Veronica: Football players behaving badly? What else is new – Steubenville, Glenridge. The coach’s son being the ringleader? Just how depraved is this town?
In its third episode, Riverdale elevates from solid teen/mystery drama to must-watch. I’m not familiar with the characters of Archie comics, but the buzz surrounding Riverdale (as well as the teen drama meets Twin Peaks promotion) convinced me to check it out. Netflix has a new deal with The CW that grants them first-run rights outside the US and the rights to promote it as a Netflix Original, so it’s also one of the most accessible shows on ‘television’ right now. Riverdale began with the disappearance of Jason Blossom – football star, beloved twin, and some other nefarious things – and everyone in Riverdale was wondering just what happened. Jason dated Polly Cooper, and the nasty breakup increased the tension between their sisters Cheryl and Betty. “Body Double” sees Betty and Cheryl coming to an understanding, but what they learned to get to that place changed both of them.
We didn’t learn much about the Jason Blossom investigation this week, other than that he and Cheryl had planned to fake his death so that he could run away. It wasn’t until she saw his body that she knew he was dead, so now she’s dealing with a different type of grief. She knows what happened to him now, but while he was missing (he was supposed to call her when he was a safe distance from Riverdale so their parents couldn’t reach him), Cheryl hoped he was still alive. Archie corroborates Cheryl’s story that there was a gunshot, and he leaves Miss Grundy out of it, but she still cancels their private study. Betty (whose parents run the local paper) and Jughead revive the high school newspaper so Jughead can dig a little deeper into what happens. Most of this is superficial though, because “Body Double” belongs to the women of Riverdale High (except Grundy, who is the actual worst).
This week Veronica goes on a date with Chuck, and they seemed to have a good time. They talked, they made out, and then Chuck took Veronica home. Then Chuck ruined it all by doctoring their Instagram selfie to make it look like he gave Veronica a “Sticky Maple.” The episode’s slut-shaming story had some clunky dialogue, but it’s a story that matters. When men have numerous girlfriends, they’re celebrated; the practice of having multiple wives to bear several children goes back thousands of years, and is still practiced in certain societies today. When women date a lot of men, they’re shamed. Veronica’s not the sort of person to let this kind of thing lie, so she confronts Chuck. When that doesn’t work, Betty asks around the school to see if this has happened to anyone else.
A group of girls gather in a classroom, while Ethel tells her story – she spent 10 minutes in the library helping Chuck with some homework, but according to Chuck she became his latest conquest. She went to the principal, but nothing happened. Without proof, it’s one girl against a football player who is on the honour roll. Oh yeah, and his dad is the coach. Chuck’s brother is friends with Ethel, and he’s seen a book – the football players keep score of their conquests. On a late night mission, Betty and Veronica find the book, and we learn how the footballers keep score.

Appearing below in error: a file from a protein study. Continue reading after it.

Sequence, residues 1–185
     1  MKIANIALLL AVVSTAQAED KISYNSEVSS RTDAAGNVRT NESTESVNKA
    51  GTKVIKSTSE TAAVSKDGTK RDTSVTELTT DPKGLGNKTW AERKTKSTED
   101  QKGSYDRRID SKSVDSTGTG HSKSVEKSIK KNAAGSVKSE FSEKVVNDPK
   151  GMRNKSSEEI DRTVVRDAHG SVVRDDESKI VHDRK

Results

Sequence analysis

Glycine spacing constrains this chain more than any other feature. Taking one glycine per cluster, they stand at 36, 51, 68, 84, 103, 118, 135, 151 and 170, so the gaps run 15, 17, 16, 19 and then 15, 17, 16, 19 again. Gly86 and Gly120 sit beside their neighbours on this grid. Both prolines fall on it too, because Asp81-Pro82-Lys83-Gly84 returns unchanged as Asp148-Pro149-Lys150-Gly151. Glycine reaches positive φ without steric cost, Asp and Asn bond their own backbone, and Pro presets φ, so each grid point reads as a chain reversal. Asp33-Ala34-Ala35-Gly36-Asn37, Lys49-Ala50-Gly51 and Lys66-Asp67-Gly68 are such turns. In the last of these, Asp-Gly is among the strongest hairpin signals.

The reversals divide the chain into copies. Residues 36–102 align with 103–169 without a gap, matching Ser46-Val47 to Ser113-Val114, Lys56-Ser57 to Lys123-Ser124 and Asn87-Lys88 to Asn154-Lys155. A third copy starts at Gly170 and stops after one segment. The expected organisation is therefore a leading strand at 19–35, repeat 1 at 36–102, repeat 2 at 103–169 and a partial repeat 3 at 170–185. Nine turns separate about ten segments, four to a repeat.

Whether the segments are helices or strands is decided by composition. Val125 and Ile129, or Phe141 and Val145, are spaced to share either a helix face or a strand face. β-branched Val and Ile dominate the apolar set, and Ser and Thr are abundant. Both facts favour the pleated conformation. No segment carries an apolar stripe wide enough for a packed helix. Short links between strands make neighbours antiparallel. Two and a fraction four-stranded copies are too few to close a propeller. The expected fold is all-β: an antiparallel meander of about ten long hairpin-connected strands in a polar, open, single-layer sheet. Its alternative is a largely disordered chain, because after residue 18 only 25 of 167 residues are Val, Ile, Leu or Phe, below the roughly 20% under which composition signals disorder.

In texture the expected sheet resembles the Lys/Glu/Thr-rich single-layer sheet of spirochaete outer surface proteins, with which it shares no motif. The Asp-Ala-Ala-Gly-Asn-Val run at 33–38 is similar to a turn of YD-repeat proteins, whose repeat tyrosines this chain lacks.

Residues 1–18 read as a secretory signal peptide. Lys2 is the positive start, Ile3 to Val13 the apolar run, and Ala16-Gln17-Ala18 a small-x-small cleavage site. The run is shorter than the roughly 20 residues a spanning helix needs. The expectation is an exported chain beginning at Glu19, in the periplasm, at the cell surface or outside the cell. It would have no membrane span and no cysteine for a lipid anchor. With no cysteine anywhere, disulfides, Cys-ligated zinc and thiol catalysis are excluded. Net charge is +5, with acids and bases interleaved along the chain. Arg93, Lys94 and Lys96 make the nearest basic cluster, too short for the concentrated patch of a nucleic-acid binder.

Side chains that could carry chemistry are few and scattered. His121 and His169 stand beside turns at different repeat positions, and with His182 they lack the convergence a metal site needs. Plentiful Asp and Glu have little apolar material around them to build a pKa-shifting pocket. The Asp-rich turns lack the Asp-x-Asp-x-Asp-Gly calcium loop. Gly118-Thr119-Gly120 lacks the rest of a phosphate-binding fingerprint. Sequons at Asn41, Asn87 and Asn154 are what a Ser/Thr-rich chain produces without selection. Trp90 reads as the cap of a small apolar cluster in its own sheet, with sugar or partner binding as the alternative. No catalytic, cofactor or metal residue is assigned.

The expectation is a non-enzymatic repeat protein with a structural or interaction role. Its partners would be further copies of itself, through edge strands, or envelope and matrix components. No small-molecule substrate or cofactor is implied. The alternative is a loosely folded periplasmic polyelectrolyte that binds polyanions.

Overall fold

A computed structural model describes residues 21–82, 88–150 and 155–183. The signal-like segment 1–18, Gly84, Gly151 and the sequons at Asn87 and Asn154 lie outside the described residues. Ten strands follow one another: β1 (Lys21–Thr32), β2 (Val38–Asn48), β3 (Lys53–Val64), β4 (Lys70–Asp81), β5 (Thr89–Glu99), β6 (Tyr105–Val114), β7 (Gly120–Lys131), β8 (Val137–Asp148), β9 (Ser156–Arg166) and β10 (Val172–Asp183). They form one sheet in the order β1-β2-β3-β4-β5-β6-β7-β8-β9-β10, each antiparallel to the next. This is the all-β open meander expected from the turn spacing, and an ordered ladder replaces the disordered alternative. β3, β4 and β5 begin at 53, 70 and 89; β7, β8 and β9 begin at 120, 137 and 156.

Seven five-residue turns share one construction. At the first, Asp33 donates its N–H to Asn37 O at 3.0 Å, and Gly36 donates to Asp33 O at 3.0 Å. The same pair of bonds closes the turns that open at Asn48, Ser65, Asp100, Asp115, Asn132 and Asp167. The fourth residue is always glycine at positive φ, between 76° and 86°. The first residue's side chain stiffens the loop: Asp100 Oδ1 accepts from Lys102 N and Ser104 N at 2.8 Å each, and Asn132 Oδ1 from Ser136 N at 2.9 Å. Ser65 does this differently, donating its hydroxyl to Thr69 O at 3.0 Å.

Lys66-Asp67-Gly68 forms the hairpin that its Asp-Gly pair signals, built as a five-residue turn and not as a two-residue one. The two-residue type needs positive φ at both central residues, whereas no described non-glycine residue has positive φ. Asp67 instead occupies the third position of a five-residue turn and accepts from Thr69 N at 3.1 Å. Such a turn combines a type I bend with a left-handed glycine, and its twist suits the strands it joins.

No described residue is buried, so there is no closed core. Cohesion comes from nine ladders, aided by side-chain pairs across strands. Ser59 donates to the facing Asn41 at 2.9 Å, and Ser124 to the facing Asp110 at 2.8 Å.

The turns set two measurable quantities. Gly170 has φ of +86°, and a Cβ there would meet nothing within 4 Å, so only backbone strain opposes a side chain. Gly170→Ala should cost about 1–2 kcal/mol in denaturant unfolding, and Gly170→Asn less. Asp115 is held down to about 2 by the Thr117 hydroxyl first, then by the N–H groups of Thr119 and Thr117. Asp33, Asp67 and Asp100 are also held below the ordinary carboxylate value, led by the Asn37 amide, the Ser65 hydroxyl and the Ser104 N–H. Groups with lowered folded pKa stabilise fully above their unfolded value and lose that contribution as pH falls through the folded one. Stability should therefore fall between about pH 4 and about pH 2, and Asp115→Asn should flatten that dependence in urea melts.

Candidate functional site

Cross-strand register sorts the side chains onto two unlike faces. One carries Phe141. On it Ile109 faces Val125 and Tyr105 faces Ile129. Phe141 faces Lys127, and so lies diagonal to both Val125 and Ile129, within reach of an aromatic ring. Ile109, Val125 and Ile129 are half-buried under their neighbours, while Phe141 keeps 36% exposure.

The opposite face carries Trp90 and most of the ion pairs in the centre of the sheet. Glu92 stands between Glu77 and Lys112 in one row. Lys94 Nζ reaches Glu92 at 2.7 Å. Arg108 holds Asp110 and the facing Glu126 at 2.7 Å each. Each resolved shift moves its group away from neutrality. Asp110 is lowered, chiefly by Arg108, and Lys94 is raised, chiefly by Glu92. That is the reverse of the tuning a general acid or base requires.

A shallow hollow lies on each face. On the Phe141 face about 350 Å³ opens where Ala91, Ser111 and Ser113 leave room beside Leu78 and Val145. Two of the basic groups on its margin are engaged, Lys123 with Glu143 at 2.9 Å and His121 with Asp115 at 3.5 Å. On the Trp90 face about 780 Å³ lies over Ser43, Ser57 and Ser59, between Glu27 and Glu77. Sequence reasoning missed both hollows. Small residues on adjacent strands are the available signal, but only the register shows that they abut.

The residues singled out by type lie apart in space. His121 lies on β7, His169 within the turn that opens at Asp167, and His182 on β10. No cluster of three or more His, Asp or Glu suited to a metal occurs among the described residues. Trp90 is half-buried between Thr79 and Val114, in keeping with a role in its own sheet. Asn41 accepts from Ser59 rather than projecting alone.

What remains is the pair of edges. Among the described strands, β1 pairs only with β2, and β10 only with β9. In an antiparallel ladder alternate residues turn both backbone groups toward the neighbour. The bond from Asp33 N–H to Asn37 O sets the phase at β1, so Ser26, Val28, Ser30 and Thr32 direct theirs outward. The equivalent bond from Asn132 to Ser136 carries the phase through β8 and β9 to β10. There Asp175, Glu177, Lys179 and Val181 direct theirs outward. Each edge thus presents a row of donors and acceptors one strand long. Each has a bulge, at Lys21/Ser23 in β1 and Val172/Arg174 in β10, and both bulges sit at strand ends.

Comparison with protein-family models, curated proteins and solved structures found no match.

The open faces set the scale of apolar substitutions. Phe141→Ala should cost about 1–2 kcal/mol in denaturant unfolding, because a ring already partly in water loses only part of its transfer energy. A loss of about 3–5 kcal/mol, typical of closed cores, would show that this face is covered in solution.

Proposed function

Betty: New girl? Is that what I’m reduced to – 9 points?
Ethel: Better than big girl – 7.5
Cheryl interrupts the “B&E with B&V,” to see what’s going on. To her surprise, Jason was a part of this game, and Polly Cooper is written next to her name. Seeing Polly’s name changed everything for Betty – Veronica’s her friend, but Polly is broken. Betty and Veronica hatch a revenge plan for Chuck, and it’s delicious until Betty goes too far. The story of what happened between Jason and Polly is mostly unknown, but whatever happened has affected Betty profoundly. The girls are able to write up the story in the resurrected Riverdale High Paper, and Chuck gets dropped from the football team. Then this happens:
This was the best scene I’ve seen in scripted television this month. I’d say all year, but there’s a lot of good in One Day at a Time. This is something that happens to women all over the world. The women of Riverdale didn’t solve sexism, but they were able to get Chuck thrown off the football team, and expose the kind of humiliation women are put through. Cheryl can empathise with Betty – she loves her brother, but that doesn’t mean he didn’t hurt Polly, and they’ve both lost their siblings in different ways. So they burn the book together. Betty and Veronica are now best friends, and if you hurt one of them, they’ll come for you. Archie who?
- Cheryl became one of the most interesting characters this week. She’s never going to be close with Betty and Veronica, but she can see when something’s wrong. Allies are pretty good.
- Because I left out most of Archie’s storyline, I didn’t write about Josie and the Pussycats. I’ll say for now that I love everything about them. If you’d like to read about them, I recommend LaToya Ferguson’s reviews at The A.V. Club.
- I spent at least an hour trying to find a still of Betty and Veronica doing friend things, but no luck.
- From memory, the last slut-shaming storyline I remember was in the final few episodes of Veronica Mars. Please correct me if you can think of anything else.
- I might cover this show regularly, I’ll see how things go. I need to get back into writing more frequently, and there’s a lot going on here.